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Gaza update, Chinese GDP, Netflix earnings - what's moving markets

October 18, 2023 5:16 AM EDT

Investing.com -- U.S. President Joe Biden heads to Israel, while crude prices soared as a missile explosion on a Gaza hospital esclated tensions in the Middle East. The earnings season continues with numbers from Netflix and Tesla, while Chinese GDP expanded by more than expected in the third quarter.

1. Biden heads to Israel

U.S. President Joe Biden flies to Israel on Wednesday in an attempt to soothe heightened tensions in the region after a missile strike on a Gaza hospital killed hundreds of Palestinians.

Palestinian officials said an Israeli air strike hit the hospital, while Israel blamed the blast on a failed rocket launch by Palestinian militants. Both sides denied responsibility.

The news has inflamed an already tense situation and resulted in a planned summit between the U.S. president, Palestinian President Mahmoud Abbas and Egyptian President Abdel Fattah al-Sisi being cancelled.

Biden will meet Israeli Prime Minister Benjamin Netanyahu and the Israeli war cabinet later Wednesday, but it’s debatable what he can achieve given the circumstances.

Meanwhile, the United Nations Security Council is set to vote later Wednesday on a resolution that calls for humanitarian pauses in the conflict to allow humanitarian aid access to the Gaza Strip.

2. Futures just lower as earnings season continues

U.S. stock futures traded with minor losses Wednesday, as investors digested more quarterly corporate earnings.

At 05:00 ET (09:00 GMT), the Dow futures contract dropped 23 points or 0.1%, S&P 500 futures fell 7 points or 0.2%, and Nasdaq 100 futures dropped 40 points or 0.3%.

The major indices traded in a muted fashion Tuesday, but corporate results have generally been impressive at this early stage of the third quarter earnings season.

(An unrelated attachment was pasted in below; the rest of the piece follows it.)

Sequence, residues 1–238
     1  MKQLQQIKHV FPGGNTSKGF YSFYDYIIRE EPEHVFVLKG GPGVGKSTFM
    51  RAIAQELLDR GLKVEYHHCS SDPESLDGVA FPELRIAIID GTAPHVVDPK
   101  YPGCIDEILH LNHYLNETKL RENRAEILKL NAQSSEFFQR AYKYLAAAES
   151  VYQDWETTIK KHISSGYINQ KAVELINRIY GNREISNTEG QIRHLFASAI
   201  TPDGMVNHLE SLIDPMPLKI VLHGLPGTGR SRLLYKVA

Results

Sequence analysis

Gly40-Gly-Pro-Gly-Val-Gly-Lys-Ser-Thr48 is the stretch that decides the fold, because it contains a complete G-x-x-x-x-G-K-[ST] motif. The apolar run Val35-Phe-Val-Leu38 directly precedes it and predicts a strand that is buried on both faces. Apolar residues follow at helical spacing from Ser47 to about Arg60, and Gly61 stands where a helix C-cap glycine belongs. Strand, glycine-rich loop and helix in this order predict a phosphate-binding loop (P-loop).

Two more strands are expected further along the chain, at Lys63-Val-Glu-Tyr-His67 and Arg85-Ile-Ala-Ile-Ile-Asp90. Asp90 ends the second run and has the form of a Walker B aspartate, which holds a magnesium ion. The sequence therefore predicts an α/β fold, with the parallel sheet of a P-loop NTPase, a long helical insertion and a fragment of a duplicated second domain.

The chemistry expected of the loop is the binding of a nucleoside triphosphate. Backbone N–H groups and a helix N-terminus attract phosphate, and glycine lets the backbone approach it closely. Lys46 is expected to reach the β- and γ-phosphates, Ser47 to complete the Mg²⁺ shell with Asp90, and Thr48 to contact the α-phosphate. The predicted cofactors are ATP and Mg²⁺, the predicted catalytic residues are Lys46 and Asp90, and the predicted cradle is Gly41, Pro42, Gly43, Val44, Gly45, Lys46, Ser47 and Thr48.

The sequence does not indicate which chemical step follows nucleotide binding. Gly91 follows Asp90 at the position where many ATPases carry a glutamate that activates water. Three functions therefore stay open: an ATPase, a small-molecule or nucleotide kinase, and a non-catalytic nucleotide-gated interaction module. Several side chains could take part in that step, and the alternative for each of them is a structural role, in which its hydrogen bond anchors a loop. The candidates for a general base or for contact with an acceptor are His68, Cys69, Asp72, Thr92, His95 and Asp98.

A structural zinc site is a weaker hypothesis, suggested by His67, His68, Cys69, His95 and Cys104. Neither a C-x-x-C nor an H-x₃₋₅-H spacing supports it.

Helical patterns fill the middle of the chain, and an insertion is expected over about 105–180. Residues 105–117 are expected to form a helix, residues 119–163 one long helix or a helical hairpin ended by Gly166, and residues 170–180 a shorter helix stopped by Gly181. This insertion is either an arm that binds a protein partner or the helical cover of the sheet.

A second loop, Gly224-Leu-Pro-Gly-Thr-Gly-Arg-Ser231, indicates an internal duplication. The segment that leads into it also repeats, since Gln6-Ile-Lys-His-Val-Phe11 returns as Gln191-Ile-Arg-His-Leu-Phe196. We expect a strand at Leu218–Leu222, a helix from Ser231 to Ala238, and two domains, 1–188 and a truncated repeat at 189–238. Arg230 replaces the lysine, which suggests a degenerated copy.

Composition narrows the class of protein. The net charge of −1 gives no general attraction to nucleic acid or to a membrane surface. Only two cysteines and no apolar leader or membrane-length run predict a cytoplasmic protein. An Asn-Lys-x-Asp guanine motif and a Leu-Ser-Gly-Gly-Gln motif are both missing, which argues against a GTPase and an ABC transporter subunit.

So far, 83% of companies have so far topped earnings expectations, while about 70% have surpassed sales estimates, according to FactSet data.

Big tech companies take the earnings lead today [see below], but United Airlines (NASDAQ: UAL) will also be in the spotlight after the carrier issued disappointing fourth-quarter guidance after the close Tuesday, with higher fuel costs and the suspension of Tel Aviv flights expected to weigh.

JB Hunt (NASDAQ: JBHT) stock also traded lower premarket after the transportation and logistics company fell slightly short on profit expectations in the third quarter.

There are also fresh economic numbers to digest, in the form of housing starts and building permits data for September.

3. Netflix expected to receive subscriber boost

The quarterly earnings continues in full flow Wednesday, with results from streaming giant Netflix (NASDAQ: NFLX), after the close, the day’s highlight.

Netflix suffered a weak quarter last time out, but investors are hoping for better news as its efforts to restrict sharing of accounts could lead to a pick-up in subscriber growth.

Netflix's crackdown on password-sharing is expected to have boosted subscribers by about 6 million in the third quarter, and investors will be looking to see whether this sets the stage for price increases in an attempt to further increase revenue.